And let me begin by saying, ahem, that it's a rich experience, reflecting upon one's days at Oxford. The morning sun through the high stained-glass windows of the dining hall. The undistinguished food on the table. The expertise and eccentricity of one's classmates. The time-honored squalor of the dormitories. The history underfoot and overhead. Even now, one can close one's eyes and see the severe geometry of the Christ Church quadrangle cloaked in the shadows of dusk.
OK, mute the choir. The truth is that my wife, Mary Frances, and I came here last summer, stayed a week and then scooted, unburdened by diplomas or aristocratic connections. But we were not mere tourists. We were part of an Oxford University program short on academic rigor, long on atmosphere, erratic in food and lodging, and full of good company. The program, called the Oxford Experience, is run every summer by the university's Department for Continuing Education.
Our classmates were about 60 half-serious students from North America, Europe and Asia. Thirty-eight were Americans; 14 were retired and the rest were librarians, lawyers, economists, teachers and such. Most were older than 50.
Beginning with lunch on Sunday and concluding with breakfast the following Saturday, we studied and slept at Christ Church, the largest of the more than 40 colleges and halls that make up Oxford University, about 50 miles northwest of London.
We ate in its dining hall, which was built in the 16th century and is grand enough to shame most cathedrals in the Americas. We walked to class through that stately quad trodden by Henry VIII and Cardinal Wolsey in the 15th and 16th centuries, in the 19th by a math professor named Charles L. Dodgson, who wrote children's books under the name Lewis Carroll, and in the 20th by a chap named Albert Einstein.
Across the lawn at the main gate stood the college's porters. Bowler-hatted and hawk-eyed, they shooed away common tourists from our private preserve and served to remind us how comfortable a class system can be if you're in the right class.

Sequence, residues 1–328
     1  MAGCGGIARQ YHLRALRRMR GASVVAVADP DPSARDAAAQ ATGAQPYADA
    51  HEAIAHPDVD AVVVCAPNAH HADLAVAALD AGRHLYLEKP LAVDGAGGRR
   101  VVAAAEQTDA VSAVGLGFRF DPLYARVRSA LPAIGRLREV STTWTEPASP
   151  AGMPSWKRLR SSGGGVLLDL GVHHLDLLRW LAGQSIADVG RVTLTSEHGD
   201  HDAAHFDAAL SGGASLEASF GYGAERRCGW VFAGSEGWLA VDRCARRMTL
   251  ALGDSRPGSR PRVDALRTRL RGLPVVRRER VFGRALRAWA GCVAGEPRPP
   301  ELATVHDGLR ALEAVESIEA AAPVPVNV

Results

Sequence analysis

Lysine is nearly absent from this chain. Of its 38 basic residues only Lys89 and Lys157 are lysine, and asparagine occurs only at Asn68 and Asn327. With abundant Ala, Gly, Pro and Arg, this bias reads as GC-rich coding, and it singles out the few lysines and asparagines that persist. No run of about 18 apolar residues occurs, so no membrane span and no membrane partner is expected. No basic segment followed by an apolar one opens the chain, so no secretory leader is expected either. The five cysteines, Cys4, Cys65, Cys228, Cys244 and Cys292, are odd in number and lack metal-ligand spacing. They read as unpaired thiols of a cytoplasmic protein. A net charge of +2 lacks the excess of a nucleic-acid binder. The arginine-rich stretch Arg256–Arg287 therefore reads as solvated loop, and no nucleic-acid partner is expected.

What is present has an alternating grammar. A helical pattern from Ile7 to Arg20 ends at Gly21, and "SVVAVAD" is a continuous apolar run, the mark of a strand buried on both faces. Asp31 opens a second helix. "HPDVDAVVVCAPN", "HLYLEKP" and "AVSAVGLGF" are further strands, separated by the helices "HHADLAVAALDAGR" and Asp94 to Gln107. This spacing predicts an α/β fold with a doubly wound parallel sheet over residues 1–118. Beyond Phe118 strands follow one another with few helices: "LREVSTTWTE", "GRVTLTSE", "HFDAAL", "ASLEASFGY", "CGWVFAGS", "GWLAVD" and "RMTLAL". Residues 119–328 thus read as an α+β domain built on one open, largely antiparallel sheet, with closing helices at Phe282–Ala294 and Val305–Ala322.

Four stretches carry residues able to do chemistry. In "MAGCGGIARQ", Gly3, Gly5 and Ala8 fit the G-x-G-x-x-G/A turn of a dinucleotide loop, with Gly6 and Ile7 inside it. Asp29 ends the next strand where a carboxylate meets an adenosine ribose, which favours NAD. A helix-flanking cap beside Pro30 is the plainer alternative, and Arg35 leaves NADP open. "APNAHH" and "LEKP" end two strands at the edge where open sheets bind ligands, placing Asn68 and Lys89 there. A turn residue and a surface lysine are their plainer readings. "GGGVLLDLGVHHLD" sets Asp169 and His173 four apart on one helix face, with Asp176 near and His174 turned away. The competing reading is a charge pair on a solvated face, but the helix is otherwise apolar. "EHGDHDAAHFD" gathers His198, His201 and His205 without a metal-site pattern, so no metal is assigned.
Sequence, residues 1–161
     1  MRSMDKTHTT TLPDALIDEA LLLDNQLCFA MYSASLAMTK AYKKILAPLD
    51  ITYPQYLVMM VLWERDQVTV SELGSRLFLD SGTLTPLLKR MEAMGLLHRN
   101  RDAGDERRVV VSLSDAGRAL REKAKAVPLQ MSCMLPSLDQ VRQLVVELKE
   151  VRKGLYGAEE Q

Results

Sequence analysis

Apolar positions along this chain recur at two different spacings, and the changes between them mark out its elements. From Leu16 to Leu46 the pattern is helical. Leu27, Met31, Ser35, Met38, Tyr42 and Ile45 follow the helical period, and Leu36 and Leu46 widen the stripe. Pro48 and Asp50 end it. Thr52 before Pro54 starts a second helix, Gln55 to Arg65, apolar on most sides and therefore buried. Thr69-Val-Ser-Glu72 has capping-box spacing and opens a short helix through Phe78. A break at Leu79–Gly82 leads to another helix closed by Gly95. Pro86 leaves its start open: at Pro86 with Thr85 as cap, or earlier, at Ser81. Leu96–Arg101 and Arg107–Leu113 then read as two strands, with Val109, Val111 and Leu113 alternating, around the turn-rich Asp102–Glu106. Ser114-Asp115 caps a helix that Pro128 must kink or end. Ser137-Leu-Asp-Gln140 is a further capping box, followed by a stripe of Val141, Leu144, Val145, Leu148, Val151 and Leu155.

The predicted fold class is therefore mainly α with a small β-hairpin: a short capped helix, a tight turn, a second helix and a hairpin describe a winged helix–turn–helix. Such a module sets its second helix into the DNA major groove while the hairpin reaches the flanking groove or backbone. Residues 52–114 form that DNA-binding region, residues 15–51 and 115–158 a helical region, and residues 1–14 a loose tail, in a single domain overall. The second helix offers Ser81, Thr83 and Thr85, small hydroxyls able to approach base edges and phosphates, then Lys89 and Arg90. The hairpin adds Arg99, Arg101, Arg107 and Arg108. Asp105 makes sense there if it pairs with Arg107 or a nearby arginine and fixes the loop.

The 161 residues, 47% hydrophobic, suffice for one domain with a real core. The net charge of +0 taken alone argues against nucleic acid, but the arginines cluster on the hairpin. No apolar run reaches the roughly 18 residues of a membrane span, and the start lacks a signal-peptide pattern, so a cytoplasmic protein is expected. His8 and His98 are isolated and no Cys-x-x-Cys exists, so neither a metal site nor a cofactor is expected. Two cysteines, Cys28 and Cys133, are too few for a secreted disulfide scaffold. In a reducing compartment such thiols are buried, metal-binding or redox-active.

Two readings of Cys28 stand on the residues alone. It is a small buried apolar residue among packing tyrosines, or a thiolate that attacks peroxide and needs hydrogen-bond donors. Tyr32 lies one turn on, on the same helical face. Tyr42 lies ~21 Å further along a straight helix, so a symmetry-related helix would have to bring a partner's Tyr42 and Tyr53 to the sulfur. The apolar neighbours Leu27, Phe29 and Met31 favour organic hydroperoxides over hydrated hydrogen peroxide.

The catalog gave me six course choices for that week: the Rise and Fall of the British Empire; the English Country House; the Tudor Age; the Architecture and History of Oxford; the History of British Gardens; and English Cathedrals. (The English Pub Through the Centuries, regrettably, was offered the week before my arrival. Other courses examined the works of Jane Austen or Iris Murdoch, or the plethora of murder mysteries set in Oxford.) Class sizes are capped at 15. The only admission requirement was a ready credit card.
I cast my lot with the empire. Like the others, the course entailed about three hours of classroom instruction each weekday morning, along with various field trips, garden parties and campus tours in the afternoons and evenings.
I liked the idea of studying the empire in the same town that has been training its leaders since the 12th century. I liked the program's choice of tutor--Chandrika Kaul, born and raised in India, who arrived in Oxford as an 18-year-old freshman and had just completed a dissertation on British propaganda in India.
The course's greatest attraction, however, was the simple absurdity of digesting four centuries of global expansion, and then contraction, in 15 class hours.
I wasn't the only one amused by the idea. Arriving at Heathrow on the first day of my trip, I was confronted by an immigration agent, who asked my reason for visiting. Short course at Oxford, I said. Rise and fall of empire. Smiling broadly, he suggested that this was premature.
"It's still falling," he said, then turned back to inspecting passports.
The town around the campus, which Mary Frances explored at length while I was in class, wasn't bad either. Oxford, which enjoys easy train and bus connections to London, teems with more museums, bookstores and pubs than a city of 115,000 deserves, and is surrounded by classic rolling English countryside. (The Cotswold Hills begin just west of here.) Then there are the university buildings.
Volumes have been written about those alone. But it's a sort of education just to wander untutored from the semicircular Sheldonian Theatre (architect Christopher Wren, completed in 1669) to the domed Radcliffe Camera (architect James Gibbs, completed in the late 1740s); to climb the tower of the gargoyle-dotted University Church of St. Mary the Virgin (which dates to 1315); to navigate by the landmark Magdalen Tower and bridge; to rent a boat and pole and join the punters on the River Cherwell.
One night we caught a string trio's candlelight chamber-music concert in the chapel of Exeter College. Another night we joined my tutor and classmates for a round at the Head of the River pub, just up the block from Christ Church. Still another night we joined Oxonian friends Doug, Claire and Joe for dinner at a country pub called the Boot. And of course I had to take Mary Frances' picture in front of the restaurant called the Nosebag.
Poet John Keats called this "the finest city in the world." Henry James, the American author and chronic Anglophile, called Oxford "the finest thing in England." Poet and dramatist Oscar Wilde called Oxford "the most beautiful thing in England." And Samuel Pepys, the 17th century diarist, called it a "mighty fine place."
That last sounds suspiciously inelegant. But you can look it up, as I did, in "The Oxford Book of Oxford," a compendium of quotes and Oxfordiana compiled by another celebrated graduate, Welsh historian and travel writer Jan Morris.